How many real miracles did the priests choose not to include, because they saw their task perhaps not as simply accepting what might possibly be true, but of certifying that for which they found strong evidence?  Is it not possible that God might do a miracle, but that a skeptically-minded Catholic intellectual may doubt that the evidence for that miracle is strong enough to put on public display?  Again, these questions, or possibilities, do not even occur to Dr. McCormick.  

And does God even like Fatima?  Or is it possibly that He is busy doing miracles in some other way, possibly because he finds the atmosphere at Fatima cheesy or offensive, or doesn't like being pushed into a corner, as Jesus himself indicated one when pressured to cough up a miracle on demand?  Again, McCormick doesn't mention this possibility, either.  

But all of that is besides the point.  McCormick is waving magic wands.  He does not know what has or has not occurred at Fatima.  He has no idea.  He's making figures up off the top of his head, and this is what he fancies an empirical argument is supposed to look like!  

McCormick then herds us back to the United States: 

"In informal discussions with students in my classes over the years, a majority claim to have seen at some point something spooky, supernatural, or that defied the ordinary natural course of things.  But it is very rare to hear of an example where there is not an obvious and better natural explanation.  On any given day in the United States there are thousands, or possibly hundreds of thousands, of faith healers who are holding faith-healing revivals . . . None of these appears to be real . . . " (77)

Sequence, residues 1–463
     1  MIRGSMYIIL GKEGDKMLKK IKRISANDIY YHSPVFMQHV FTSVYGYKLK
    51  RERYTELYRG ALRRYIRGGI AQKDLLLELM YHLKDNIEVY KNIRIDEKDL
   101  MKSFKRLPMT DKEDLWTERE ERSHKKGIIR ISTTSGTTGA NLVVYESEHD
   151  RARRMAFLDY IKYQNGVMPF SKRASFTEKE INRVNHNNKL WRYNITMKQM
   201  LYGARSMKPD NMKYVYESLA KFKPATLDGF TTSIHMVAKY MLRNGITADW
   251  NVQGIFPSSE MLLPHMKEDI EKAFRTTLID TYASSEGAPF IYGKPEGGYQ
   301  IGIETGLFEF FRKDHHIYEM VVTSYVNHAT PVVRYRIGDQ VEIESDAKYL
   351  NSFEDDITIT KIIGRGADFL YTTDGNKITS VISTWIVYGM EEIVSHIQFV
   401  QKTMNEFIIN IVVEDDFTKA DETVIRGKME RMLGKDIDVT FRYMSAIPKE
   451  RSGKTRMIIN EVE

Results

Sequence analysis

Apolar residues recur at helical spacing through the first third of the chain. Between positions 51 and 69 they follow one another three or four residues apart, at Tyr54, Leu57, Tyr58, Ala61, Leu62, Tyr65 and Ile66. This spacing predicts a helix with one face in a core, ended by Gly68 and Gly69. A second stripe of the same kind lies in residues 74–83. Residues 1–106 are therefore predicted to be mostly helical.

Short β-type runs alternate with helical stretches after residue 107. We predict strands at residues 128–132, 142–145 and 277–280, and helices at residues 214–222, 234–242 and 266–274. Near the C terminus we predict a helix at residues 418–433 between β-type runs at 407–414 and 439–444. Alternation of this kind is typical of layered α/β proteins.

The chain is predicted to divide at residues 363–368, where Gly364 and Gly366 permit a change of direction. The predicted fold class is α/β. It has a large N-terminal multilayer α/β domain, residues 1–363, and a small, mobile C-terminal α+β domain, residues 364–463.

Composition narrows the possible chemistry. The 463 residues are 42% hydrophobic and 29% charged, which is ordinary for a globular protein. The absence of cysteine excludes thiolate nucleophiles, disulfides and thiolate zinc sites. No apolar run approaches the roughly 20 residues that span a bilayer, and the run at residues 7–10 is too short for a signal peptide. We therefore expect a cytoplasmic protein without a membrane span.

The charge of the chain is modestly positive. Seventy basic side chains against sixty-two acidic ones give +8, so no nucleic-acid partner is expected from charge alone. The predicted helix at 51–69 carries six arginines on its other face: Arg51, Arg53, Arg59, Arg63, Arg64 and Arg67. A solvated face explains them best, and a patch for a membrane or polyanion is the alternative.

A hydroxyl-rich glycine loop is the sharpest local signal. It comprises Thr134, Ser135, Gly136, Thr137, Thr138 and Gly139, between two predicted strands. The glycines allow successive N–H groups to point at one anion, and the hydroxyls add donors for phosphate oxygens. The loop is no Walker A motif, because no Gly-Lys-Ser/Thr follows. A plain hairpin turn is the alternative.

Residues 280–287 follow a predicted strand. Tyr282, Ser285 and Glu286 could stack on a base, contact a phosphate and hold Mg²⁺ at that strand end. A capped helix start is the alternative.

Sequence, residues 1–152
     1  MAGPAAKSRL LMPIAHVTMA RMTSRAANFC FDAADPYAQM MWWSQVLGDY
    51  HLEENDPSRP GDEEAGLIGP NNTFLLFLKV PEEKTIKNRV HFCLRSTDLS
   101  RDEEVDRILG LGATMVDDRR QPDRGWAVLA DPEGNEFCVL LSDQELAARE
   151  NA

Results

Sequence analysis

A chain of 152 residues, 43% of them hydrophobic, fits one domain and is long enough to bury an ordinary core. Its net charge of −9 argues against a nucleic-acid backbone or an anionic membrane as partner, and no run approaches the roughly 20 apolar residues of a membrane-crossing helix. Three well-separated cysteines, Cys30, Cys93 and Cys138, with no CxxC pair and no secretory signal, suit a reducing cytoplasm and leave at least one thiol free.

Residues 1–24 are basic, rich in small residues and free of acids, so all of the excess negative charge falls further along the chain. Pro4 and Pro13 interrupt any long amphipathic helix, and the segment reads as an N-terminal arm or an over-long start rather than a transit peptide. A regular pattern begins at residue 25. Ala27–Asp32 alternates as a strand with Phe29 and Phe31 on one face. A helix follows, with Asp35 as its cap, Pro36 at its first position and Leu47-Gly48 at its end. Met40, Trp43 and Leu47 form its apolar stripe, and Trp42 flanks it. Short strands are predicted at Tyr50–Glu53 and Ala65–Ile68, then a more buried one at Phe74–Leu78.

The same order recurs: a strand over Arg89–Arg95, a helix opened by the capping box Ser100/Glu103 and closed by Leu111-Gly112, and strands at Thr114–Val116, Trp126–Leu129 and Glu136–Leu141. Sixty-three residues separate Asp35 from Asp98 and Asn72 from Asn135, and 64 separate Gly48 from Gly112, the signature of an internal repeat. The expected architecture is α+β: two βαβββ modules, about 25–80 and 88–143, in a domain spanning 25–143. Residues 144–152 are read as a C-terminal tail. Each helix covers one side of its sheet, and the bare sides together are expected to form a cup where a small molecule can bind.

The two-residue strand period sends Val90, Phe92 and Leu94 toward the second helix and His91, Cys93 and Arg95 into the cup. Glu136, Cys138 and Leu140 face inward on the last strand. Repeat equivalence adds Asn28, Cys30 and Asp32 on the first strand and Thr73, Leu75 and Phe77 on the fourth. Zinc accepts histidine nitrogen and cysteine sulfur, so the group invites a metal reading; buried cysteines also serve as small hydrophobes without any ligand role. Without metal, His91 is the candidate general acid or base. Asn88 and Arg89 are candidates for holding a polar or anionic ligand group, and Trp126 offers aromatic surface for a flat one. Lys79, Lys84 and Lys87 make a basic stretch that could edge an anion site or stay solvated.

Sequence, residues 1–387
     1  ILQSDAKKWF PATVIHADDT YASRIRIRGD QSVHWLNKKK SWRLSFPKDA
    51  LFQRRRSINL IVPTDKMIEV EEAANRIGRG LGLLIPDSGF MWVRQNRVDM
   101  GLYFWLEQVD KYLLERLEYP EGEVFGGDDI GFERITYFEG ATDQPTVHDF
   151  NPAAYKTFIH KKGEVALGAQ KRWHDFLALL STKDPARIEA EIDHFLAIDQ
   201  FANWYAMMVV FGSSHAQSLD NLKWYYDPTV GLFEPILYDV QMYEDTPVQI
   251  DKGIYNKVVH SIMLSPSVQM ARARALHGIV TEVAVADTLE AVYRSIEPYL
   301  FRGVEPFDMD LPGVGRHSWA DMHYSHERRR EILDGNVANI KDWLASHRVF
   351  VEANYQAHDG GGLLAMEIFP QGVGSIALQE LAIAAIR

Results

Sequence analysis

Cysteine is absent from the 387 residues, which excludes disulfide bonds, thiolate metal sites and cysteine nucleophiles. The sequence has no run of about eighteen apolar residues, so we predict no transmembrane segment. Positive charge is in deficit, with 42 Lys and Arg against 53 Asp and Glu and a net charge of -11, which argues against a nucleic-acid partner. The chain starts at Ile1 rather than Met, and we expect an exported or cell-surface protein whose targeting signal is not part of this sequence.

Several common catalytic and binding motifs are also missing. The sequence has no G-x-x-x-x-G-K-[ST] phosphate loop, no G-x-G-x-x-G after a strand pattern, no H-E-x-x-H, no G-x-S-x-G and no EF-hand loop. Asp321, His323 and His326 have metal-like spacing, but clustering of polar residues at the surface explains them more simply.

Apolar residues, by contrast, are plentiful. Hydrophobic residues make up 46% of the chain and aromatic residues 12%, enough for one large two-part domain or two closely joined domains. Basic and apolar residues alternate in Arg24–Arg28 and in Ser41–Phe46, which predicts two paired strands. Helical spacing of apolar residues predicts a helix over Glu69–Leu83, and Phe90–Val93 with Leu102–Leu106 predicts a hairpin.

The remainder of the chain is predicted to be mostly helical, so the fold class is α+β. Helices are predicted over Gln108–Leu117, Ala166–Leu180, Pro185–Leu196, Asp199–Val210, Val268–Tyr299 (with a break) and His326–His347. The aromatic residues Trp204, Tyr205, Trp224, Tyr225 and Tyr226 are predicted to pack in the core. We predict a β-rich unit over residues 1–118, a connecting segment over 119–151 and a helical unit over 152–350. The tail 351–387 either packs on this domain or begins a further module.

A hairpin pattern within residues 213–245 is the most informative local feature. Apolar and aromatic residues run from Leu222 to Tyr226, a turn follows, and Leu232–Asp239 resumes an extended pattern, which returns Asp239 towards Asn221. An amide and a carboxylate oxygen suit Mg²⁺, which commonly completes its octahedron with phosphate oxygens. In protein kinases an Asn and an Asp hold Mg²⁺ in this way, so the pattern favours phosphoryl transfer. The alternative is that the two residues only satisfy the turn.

Indeed, they don't.  They are more spectres.  Again, where does McCormick get these figures of "thousands or hundreds of thousands" of faith-healing revivals in America on every day of the year?  He makes it up. 

Also, notice the slippery words "spooky, supernatural, or that defied the ordinary natural course of things."  The word "or" implies that only one of these need apply, for the sentence to be true.  So all he might mean, is that most his students have seen something "spooky."  What might these anonymous kids mean by that?  They went through the Haunted House ride at Disneyland?  A dark figure once crossed the window when they were half asleep as children?  A philosopher should make claims more carefully and clearly than this: "Most of my students claim to have seen events that they reported as appearing most immediately to have been caused by supernatural agents" would be better, if it were true.  

And if there was an "obvious and better natural explanation," how could those "miracles" at the same time "defy the ordinary natural course of things?"  To have an obvious natural explanation is precisely NOT to define the ordinary course of things -- if we assume that miracles are not ordinary.  McCormick is contradicting himself, and doesn't appear to know what he means.  

McCormick makes much of the "millions to one" spectre he has conjured in his imagination, evidence that Goody Proctor bit Western Civilization in the thigh with his talk about miracles.